James Christopher Monger of Allmusic stated, "Though the environment that birthed the appropriately titled Gossamer may be a bummer, the end product is winningly majestic as it is obviously spun by the most malevolent of spiders." John Calvert of the NME wrote that "one quibble is that Gossamer never really comes down off its Haribo rush, which gets exhausting. That said, when they do ease up, as on the boudoir-funk 'Constant Conversations', it resembles the two-a-penny synthpop that clogs the blogosphere." Rolling Stone's Jon Dolan expressed that the album is "roomier and more varied" than its predecessor Manners. Chicago Tribune writer Greg Kot viewed Gossamer as "a soul record disguised as buoyant, uptempo dance-pop. It shares characteristics with The Weeknd's introspective take on R&B, the twisted nostalgia of a Kanye West jam [...] and the stomping relentlessness of a Katy Perry single." Benjamin Aspray of PopMatters felt that the album is "as scrappy, outsize, and infectious as anyone could hope for, and as shrill and cloying as anyone could expect." Sam Walker-Smart of Clash called the album "a colorful twelve-track ode to joy", but noted that "the album's main fault [is] how every track merges into one big goofy smile-a-thon while never delivering a number as exciting as previous hit 'Sleepyhead'." Slant Magazine's Kevin Liedel critiqued that "much of Gossamer plays as though it were constructed (however poorly) from ['Sleepyhead''s] template [...] The band, in effect, seems to be desperately chasing a winning blueprint", adding that apart from the song "Constant Conversations", Gossamer is "true to its name: colorless and precariously thin, with precious few bright spots."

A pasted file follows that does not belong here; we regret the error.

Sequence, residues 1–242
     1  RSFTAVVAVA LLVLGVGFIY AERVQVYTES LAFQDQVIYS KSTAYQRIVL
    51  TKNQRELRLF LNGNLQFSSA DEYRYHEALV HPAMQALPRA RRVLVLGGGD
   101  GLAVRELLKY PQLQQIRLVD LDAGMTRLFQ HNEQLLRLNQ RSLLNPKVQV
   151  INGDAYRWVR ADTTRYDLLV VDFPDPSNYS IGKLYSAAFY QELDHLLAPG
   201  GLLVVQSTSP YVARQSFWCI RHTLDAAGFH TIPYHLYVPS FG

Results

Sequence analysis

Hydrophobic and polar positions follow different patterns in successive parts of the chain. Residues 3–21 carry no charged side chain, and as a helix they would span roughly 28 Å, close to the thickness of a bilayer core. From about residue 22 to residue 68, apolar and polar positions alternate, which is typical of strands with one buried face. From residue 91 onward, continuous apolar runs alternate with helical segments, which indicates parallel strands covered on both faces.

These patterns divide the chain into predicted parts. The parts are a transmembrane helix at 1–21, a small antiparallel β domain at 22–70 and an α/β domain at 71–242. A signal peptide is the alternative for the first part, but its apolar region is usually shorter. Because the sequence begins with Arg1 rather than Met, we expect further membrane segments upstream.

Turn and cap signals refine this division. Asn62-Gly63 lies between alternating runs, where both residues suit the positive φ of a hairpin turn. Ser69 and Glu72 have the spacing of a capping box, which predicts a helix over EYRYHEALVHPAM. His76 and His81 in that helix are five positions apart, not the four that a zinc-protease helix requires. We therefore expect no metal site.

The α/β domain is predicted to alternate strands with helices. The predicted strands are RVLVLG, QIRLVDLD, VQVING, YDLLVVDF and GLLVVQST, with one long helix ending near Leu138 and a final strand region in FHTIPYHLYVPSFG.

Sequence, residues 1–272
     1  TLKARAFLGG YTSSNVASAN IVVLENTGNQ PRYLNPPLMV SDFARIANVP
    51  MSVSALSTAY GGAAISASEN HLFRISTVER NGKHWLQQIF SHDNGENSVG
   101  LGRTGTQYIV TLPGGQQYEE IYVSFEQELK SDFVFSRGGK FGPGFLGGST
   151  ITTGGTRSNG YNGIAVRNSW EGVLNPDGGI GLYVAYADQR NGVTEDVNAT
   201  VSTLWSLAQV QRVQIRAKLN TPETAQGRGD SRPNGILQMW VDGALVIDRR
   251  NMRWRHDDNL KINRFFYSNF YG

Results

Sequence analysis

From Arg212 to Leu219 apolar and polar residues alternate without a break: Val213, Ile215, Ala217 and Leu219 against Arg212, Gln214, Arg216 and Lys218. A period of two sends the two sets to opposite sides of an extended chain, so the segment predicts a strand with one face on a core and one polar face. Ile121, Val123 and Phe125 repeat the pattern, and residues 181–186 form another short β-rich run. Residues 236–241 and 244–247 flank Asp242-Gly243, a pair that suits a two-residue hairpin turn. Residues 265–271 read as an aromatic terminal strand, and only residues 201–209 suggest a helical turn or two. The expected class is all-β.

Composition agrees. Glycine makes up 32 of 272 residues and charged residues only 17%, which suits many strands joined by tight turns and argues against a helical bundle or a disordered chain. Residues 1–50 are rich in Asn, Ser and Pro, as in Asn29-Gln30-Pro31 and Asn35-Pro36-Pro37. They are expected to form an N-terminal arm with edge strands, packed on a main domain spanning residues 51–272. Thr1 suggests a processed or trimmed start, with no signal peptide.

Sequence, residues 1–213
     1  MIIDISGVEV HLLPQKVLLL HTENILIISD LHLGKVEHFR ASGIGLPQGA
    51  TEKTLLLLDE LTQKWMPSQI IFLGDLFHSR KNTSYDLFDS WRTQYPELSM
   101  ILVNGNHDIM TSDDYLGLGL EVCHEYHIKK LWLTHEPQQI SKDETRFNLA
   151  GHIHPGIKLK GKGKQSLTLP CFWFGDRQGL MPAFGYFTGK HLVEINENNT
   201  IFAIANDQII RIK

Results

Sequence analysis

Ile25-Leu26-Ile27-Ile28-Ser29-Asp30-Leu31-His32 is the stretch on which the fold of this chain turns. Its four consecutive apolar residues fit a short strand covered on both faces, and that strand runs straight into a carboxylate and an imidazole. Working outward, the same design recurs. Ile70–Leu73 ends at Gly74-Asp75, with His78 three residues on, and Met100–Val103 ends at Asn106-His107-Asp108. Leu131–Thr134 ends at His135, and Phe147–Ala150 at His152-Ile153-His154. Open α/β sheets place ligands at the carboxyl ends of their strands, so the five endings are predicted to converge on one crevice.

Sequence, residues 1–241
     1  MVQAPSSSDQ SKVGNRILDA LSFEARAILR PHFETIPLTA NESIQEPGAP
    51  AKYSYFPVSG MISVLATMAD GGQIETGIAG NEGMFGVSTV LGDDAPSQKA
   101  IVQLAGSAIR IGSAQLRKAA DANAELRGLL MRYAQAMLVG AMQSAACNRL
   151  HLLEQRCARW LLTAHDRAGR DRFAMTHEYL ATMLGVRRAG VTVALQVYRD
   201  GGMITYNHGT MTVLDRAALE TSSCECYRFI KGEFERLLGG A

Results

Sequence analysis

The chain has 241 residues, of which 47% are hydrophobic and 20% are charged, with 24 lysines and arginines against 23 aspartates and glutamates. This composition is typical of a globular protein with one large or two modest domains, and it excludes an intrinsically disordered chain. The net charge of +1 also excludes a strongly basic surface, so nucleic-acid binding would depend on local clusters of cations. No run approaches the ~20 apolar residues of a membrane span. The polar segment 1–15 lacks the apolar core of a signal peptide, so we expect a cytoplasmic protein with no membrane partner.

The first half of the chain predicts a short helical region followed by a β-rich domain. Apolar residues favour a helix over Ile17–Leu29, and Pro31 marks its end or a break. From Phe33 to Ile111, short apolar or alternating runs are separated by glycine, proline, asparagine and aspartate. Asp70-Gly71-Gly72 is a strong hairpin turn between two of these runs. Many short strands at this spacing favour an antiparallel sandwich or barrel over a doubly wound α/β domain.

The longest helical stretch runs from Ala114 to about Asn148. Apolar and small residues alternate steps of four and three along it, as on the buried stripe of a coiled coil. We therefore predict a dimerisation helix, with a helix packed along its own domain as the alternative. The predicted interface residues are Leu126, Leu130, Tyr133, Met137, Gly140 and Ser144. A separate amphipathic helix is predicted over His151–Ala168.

The album was listed at number eighteen on Under the Radar's Top 100 Albums of 2012, and the magazine commented, "Fueled by the confession, guilt, and cathartic honesty of frontman Michael Angelakos, [Gossamer] is one of the most lyrically painful records of 2012. It also happens to be one of the year's most musically euphoric, stacked to the brim with electro-pop." Gigwise named Gossamer the twentieth best album of 2012 and opined, "Rarely has an album been better named; Gossamer is delicate, light, and oh so finely spun. It's despondant while having no time for despondancy; sadness lurks underneath but only to remind us that there are so many other things we could be doing, emotions we could be feeling."
Rolling Stone placed the album at number thirty-nine on its 50 Best Albums of 2012 list and stated it is "shinier, busier and even more hysterically earnest than their debut: Angelakos' falsetto ricochets like laser light, chipper gals coo smoke-machine choruses amid hot electronics and cool string arrangements." PopMatters ranked it at number sixty-six on its list of The 75 Best Albums of 2012, writing that the album's title "speaks volumes about the contents, a thinly veiled peak into the psyche of singer/songwriter Michael Angelokos."
Gossamer debuted at number four on the Billboard 200 with first-week sales of 37,000 copies, a career best. The album has sold 216,000 copies in the US as of April 2015.
In the United Kingdom, the album sold 2,444 copies to enter the UK Albums Chart at number fifty-six, one position lower than its predecessor, Manners.
All tracks written by Michael Angelakos.